How to clean up Russian politics
The reality of a one-person autocracy – like in Russia – is that there is no alternative political activity, besides an armed attempt at overthrow, in which the citizens can engage. But to participate in any public political act, in the eyes of those who do not understand, is to cooperate with the regime. But what other choice Russians have?
The proverb “the well-fed don’t understand the hungry” comes to mind when thinking of first world views of Russian politics. In other words, it is poor form for those on the outside to criticise those facing powerful and unseen forces on the inside. The stream of social media posts and columns decrying presidential opposition to Vladimir Putin as fake or political puppetry ring hollow. They say that Russians are legitimising the Putin regime by playing by its rules in a mock election.
Such criticism is easy to make from a comfortable New York or Washington D.C. town house, safe, secure and well-fed. It may even be correct from a supremely moral perspective: to traffic with such a regime, to engage in its “legitimacy game” is an immoral act enabling a thoroughly ugly power structure.
My response to such glib criticism is a question: What choice do Russians have? The reality of a one-person autocracy is that there is no alternative political activity, besides an armed attempt at overthrow, in which the citizens can engage. But to participate in any public political act, in the eyes of those who do not understand, is to cooperate with the regime.
As we learned from the fall of communism in Eastern Europe and in the old USSR, when leaders introduce new freedoms, they often discover the genie cannot be returned to the bottle. In today’s Russia, there are hopeful signs that the genie has life!
As someone who has worked in politics all over the world, I see these signs firsthand. Over time, I have developed a special perspective on the politics of my homeland. As presidential candidate Ksenia Sobchak’s strategist, , I am now trying to effect long lasting change inside of Russia, rather than playing the role of a puppet master.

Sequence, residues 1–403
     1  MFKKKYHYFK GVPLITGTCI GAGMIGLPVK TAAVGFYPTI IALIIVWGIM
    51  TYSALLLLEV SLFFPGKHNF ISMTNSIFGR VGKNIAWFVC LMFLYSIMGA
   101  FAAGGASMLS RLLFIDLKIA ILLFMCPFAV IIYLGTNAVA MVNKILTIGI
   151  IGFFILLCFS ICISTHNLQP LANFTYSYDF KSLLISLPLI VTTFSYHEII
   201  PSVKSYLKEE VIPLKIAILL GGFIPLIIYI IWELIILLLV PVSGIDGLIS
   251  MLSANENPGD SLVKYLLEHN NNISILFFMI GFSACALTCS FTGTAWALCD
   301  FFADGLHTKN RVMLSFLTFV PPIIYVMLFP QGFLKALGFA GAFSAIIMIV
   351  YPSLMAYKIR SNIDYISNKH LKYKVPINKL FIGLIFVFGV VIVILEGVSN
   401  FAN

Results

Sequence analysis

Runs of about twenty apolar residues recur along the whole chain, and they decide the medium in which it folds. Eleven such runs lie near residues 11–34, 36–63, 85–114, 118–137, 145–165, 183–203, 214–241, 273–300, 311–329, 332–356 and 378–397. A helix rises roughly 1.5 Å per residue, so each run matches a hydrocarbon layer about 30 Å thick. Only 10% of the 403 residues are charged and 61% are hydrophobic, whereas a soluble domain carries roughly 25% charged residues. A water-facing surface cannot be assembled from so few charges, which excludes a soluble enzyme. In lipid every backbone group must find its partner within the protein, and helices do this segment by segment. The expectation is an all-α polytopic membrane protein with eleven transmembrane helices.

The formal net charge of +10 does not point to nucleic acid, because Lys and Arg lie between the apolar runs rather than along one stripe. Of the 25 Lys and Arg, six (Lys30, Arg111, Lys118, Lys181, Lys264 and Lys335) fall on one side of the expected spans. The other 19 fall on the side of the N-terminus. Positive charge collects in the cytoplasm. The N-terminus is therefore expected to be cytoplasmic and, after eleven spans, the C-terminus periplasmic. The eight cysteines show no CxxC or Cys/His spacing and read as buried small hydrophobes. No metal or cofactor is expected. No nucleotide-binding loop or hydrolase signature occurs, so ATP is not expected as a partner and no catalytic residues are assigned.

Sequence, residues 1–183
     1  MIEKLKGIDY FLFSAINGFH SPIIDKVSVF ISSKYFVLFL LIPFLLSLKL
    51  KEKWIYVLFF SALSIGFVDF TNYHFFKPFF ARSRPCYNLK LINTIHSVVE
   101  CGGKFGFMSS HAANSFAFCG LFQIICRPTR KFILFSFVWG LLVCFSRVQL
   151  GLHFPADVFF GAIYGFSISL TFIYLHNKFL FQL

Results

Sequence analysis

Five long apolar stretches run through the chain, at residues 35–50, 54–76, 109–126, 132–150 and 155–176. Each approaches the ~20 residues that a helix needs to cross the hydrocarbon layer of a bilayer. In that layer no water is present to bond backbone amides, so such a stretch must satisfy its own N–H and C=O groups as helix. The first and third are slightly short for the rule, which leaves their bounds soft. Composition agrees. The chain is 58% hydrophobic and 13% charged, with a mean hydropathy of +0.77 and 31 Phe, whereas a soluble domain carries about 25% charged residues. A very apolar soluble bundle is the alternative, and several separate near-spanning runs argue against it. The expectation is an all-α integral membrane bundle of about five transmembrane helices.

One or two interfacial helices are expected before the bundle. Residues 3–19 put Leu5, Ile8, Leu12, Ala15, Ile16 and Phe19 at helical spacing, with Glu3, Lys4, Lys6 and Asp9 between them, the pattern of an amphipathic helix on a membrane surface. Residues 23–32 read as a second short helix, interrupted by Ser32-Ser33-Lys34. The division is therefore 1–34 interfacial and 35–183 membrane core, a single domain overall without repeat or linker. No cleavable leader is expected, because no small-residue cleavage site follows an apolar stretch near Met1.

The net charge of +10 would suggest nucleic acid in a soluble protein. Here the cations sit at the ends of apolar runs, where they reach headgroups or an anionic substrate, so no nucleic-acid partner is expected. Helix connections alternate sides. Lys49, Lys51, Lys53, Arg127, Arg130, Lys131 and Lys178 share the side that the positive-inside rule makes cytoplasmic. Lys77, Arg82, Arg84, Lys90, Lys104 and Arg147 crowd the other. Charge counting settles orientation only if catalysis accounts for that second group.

Let us take a look at the recent success of the municipal campaign of 2017 as an instance of triumph for independent politics in Russia. In this campaign, a truly astonishing event occurred: the liberal opposition gained control of the center of the city. This was despite the fact that its 267 candidates were all political amateurs who had no pervious experience. With modern, grass-roots organising, young politicians neutralised the Kremlin’s heretofore automatic advantage in finance and media control to deal the regime a stunning wake up call, and alert the entire country to the possibility of true government by the people.
The outcome is even more astonishing when you realize the 30 of 125 council districts of Greater Moscow won by these independent candidates are in the heart of the city, where Putin himself votes and where security forces watch every move. Nevertheless, the people spoke, bravely, and within the Kremlin’s own rules, since they were running in accordance with electoral laws and processes.
When well-known oppositionist Alexei Navalny ran for mayor of Moscow in 2013, he received help from the Putin-backed United Russia Party in order to, it was claimed, prevent public protests. Such “cooperation” with the regime – if that is what we are to call running for office in Putin’s Russia – helped Navalny raise his profile and popularity nationally, and he is now considered such a threat that he was barred from running for president this year, despite his announced desire to compete for the office. But few people, apart from some political scientists and journalists, remember it as the “fact of cooperation”, while the giant public campaign that he organised has been viewed in Russian political history as a huge victory. It introduced thousands of volunteers to the political process and laid foundations for the anti-Putin movement and protests for the following years.